adrift

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English[edit]

Etymology[edit]

Prefix a- (for on) + drift.

Pronunciation[edit]

Adjective[edit]

adrift (comparative more adrift, superlative most adrift)

  1. Floating at random.
    So on the sea shall be set adrift. --Dryden.
  2. (of a seaman) Absent from his watch.
  3. (chiefly UK, often with of) Behind one's opponents, or below a required threshold in terms of score, number or position.
    The team were six points adrift of their rivals.
    • 1996, David H. Begg, Monetary Policy in Central and Eastern Europe: Lessons After Half a Decade, International Monetary Fund, ISBN 1455282820:
      The Czech Republic in 1994-95, with a pegged nominal exchange rate and nominal deposit rates of 7 percent, was several percentage points adrift of the interest parity condition.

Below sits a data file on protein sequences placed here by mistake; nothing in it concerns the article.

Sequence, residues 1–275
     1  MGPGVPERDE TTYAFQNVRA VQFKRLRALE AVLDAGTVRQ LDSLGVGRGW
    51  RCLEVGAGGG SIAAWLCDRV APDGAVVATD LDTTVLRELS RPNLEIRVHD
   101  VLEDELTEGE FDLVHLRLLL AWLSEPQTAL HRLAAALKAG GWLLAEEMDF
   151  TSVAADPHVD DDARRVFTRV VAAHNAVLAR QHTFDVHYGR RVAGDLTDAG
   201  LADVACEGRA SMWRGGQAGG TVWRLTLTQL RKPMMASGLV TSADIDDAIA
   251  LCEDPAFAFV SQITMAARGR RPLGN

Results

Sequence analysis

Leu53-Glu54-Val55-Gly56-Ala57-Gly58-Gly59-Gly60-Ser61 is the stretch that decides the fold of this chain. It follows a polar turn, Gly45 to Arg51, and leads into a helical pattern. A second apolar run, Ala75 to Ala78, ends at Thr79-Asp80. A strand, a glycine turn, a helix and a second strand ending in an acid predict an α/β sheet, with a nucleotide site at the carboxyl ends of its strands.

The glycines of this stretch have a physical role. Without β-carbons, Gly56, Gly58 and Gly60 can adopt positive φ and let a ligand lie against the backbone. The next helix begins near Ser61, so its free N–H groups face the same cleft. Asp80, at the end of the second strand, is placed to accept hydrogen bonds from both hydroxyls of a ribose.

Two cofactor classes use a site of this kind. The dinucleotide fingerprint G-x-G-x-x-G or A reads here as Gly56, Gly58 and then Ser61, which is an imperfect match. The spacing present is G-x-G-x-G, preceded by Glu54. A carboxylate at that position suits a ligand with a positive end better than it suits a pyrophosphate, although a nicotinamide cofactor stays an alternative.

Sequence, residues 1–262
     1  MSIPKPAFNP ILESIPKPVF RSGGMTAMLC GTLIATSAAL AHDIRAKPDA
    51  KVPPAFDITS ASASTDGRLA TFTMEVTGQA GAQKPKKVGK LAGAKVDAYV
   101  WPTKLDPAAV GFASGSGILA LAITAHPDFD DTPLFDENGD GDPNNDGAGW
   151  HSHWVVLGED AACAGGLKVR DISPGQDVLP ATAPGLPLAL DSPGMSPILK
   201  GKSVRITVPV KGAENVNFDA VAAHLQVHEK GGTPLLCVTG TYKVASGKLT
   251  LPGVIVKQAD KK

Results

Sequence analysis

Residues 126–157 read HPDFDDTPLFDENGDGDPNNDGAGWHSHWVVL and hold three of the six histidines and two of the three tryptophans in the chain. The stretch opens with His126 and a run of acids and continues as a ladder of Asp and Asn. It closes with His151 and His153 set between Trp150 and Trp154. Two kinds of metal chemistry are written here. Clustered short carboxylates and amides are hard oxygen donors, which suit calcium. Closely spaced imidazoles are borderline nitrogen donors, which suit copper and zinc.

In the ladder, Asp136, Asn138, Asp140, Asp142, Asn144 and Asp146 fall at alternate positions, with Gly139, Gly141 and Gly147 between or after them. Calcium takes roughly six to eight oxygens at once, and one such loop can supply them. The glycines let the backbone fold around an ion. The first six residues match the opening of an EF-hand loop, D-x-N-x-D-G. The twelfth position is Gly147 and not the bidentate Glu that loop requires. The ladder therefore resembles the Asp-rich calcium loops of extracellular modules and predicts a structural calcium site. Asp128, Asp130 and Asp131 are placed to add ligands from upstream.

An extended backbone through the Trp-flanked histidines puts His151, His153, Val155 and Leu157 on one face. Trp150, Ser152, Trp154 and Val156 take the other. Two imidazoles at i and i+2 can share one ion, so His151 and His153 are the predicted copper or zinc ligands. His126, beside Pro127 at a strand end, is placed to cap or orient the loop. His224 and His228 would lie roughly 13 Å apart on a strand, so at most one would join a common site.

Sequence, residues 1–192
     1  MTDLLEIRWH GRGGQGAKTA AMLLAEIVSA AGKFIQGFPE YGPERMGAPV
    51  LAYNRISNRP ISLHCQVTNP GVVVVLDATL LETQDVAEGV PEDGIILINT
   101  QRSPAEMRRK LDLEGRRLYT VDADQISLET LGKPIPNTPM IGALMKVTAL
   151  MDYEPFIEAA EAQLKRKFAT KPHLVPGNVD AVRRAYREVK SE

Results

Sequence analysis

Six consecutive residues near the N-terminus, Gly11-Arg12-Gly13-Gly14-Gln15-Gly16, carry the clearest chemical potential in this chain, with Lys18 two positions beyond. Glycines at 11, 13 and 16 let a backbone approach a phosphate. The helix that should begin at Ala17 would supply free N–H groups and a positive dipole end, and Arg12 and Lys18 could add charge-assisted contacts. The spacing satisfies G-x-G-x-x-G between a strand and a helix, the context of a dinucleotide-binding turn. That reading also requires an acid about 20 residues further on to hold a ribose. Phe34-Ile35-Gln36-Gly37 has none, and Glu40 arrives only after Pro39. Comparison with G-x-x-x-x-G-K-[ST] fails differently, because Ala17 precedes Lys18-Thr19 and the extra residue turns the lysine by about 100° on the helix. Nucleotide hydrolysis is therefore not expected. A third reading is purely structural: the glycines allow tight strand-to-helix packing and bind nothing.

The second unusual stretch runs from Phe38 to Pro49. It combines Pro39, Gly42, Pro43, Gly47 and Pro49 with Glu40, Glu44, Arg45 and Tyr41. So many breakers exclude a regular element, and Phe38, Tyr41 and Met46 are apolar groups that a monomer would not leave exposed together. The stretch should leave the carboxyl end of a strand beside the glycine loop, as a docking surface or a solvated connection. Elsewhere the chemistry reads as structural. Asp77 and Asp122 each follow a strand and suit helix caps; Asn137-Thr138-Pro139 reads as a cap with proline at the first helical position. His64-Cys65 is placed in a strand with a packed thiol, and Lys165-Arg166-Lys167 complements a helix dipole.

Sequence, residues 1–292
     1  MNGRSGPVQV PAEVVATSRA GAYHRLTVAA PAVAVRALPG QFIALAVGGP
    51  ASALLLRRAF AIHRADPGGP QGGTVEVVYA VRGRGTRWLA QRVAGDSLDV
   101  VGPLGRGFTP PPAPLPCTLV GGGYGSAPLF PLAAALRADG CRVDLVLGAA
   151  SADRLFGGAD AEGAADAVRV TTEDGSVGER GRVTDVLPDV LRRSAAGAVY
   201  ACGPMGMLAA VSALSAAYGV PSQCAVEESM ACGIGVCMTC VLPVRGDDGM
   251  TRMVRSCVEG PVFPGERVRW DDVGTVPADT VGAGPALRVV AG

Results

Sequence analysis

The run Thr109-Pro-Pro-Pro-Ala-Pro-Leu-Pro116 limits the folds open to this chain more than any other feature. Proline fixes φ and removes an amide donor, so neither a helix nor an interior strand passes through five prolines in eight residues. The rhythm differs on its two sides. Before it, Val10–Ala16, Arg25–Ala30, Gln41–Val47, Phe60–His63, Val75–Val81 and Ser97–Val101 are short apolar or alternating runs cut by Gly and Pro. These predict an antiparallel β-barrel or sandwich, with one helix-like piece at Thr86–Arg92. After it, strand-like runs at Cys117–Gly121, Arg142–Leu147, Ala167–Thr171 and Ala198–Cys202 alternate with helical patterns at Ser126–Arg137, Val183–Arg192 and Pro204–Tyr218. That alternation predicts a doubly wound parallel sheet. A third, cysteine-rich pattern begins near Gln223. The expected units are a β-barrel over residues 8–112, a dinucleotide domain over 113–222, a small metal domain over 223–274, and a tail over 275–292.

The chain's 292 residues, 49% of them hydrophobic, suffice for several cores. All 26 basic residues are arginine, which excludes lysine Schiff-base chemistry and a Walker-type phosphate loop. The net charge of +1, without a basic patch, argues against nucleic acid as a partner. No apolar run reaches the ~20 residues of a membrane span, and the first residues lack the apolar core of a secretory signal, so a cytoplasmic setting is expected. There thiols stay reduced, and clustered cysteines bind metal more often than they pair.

• 2006, Brian Long, Subaru Impreza: The Road Car & WRC Story, ISBN 1845840283, page 56:
      He did well, coming second, but Toyota and Mitsubishi were now neck-and-neck, with the Subaru team 38 points adrift of the leaders.
    • 2012 April 18, Anthony Vickers, “Boro 0 Doncaster Rovers 0”, The Evening Gazette (Teeside):
      Boro were left needing snookers after a toothless goalless draw with Dead Men Walking Doncaster left them well adrift and fading in the chase for a Championship play-off place.

Translations[edit]

Adverb[edit]

adrift (comparative more adrift, superlative most adrift)

  1. In a drifting condition; at the mercy of wind and waves.

Translations[edit]

Related terms[edit]